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Roche’s risdiplam shows promise in Type 1 SMA

One-year data from the FIREFISH Part 2 study, a global study evaluating Roche’s risdiplam in infants aged one – seven months old with symptomatic Type 1 spinal muscular atrophy (SMA), has shown a significant increase in motor milestones after 12 months’ treatment with the drug.

The study met its primary endpoint with 29% of infants sitting without support for five seconds by month 12, as assessed by the Gross Motor Scale of the Bayley Scales of Infant and Toddler Development Third Edition (BSID-III). No infants achieve this milestone in the natural history of Type 1 SMA.

In addition, 43.9% infants were able to hold their head upright, 31.7% were able to roll to the side and 4.9% infants were able to stand with support, as measured by the Hammersmith Infant Neurological Examination 2 (HINE-2).

Additionally, in an exploratory endpoint, 95% of infants who were alive at 12 months (36/38) maintained the ability to swallow and 89% (34/38) were able to feed orally. In contrast, in a natural history cohort, all infants with Type 1 SMA older than 12 months required feeding support.

“These results are particularly encouraging given the median age at enrolment was 5.3 months, so these infants already had progressed disease,” said Professor Laurent Servais, FIREFISH investigator and Professor of Paediatric Neuromuscular Diseases at the MDUK Oxford Neuromuscular Centre. “Maintaining the ability to swallow is particularly important as it helps infants to feed and suggests risdiplam has a major effect on bulbar function.”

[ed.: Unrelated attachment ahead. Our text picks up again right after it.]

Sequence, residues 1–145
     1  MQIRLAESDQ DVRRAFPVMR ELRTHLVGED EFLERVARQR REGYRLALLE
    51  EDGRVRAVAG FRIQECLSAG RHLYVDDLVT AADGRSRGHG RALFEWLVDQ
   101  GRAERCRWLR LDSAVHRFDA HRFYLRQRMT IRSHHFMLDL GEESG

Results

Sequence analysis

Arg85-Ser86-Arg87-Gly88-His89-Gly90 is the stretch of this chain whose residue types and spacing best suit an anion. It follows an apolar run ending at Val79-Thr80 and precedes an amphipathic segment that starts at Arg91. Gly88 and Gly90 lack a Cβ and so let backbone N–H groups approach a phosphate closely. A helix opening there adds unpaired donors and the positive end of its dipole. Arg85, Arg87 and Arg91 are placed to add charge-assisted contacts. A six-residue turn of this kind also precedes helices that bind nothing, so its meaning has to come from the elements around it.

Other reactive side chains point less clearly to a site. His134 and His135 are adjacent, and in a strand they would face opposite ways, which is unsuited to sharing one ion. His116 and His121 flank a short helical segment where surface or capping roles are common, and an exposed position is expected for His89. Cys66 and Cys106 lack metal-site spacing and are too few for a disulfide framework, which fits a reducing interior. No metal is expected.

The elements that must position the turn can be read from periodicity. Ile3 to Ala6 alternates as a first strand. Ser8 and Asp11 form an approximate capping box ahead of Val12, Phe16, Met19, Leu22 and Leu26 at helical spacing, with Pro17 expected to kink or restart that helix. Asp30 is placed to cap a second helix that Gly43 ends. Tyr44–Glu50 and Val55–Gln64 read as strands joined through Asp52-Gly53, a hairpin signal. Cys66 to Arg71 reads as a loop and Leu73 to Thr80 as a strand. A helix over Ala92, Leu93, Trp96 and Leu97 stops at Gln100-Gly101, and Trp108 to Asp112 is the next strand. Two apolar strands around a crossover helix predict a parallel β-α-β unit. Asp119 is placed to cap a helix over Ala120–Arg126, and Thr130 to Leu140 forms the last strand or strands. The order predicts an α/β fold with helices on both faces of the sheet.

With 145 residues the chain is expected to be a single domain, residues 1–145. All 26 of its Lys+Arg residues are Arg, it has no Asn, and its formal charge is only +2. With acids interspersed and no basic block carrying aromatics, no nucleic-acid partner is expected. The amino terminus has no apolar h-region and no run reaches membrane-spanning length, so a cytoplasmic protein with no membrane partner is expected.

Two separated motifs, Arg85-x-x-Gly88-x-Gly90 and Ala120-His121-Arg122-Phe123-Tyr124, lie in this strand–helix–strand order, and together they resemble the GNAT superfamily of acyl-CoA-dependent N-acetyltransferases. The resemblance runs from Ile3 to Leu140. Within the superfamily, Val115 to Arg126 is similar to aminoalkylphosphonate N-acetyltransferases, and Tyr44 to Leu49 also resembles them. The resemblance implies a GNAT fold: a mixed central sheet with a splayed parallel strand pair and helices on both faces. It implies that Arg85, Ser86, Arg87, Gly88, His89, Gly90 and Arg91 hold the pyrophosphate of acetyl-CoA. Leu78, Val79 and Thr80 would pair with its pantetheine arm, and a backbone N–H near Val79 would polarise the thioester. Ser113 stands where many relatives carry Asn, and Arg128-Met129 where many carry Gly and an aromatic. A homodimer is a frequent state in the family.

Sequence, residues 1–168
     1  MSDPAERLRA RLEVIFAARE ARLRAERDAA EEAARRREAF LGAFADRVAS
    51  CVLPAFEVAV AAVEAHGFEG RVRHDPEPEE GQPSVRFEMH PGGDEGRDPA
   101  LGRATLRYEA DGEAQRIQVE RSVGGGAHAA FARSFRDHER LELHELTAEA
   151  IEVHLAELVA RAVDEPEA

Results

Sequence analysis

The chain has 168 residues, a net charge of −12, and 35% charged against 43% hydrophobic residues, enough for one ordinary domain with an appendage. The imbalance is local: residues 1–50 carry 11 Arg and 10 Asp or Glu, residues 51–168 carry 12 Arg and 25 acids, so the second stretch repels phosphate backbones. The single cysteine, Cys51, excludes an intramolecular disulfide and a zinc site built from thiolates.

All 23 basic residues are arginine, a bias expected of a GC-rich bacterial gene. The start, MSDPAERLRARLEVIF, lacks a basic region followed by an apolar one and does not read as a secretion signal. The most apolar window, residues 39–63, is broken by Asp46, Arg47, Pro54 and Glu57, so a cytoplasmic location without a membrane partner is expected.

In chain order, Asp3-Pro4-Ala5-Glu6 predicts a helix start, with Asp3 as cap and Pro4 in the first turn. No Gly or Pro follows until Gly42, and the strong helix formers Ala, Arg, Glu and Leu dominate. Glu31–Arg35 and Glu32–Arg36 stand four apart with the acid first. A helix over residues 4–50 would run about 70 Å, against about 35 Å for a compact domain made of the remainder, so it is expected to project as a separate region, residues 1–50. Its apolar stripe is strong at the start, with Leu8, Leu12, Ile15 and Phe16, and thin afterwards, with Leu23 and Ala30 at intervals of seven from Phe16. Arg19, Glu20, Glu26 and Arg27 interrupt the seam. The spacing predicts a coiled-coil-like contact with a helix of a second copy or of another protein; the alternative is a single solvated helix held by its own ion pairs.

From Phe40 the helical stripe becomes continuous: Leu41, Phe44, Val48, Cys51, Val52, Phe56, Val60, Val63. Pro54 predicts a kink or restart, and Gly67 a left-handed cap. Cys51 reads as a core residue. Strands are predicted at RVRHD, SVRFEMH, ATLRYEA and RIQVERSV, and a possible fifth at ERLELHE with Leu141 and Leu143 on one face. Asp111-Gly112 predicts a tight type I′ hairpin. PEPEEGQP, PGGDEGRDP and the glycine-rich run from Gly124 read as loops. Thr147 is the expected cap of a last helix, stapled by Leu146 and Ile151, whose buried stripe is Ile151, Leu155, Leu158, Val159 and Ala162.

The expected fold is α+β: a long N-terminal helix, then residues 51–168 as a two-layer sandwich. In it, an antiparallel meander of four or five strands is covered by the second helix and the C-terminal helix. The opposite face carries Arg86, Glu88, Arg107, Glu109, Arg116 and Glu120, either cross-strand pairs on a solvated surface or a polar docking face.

Also of note, safety for risdiplam in the FIREFISH study was consistent with its known safety profile, the most common adverse events being upper respiratory tract infection (46.3%), pneumonia (39%), pyrexia (39%), constipation (19.5%) nasopharyngitis (12.2%), rhinitis (12.2%) and diarrhoea (9.8%). The most common serious adverse events were pneumonia (31.7%), bronchiolitis (4.9%), respiratory failure (4.9%) and hypotonia (4.9%).

Risdiplam is being studied in a broad clinical trial programme in SMA, with patients ranging from birth to 60 years old, and includes pre-symptomatic patients and those previously treated with other SMA therapies.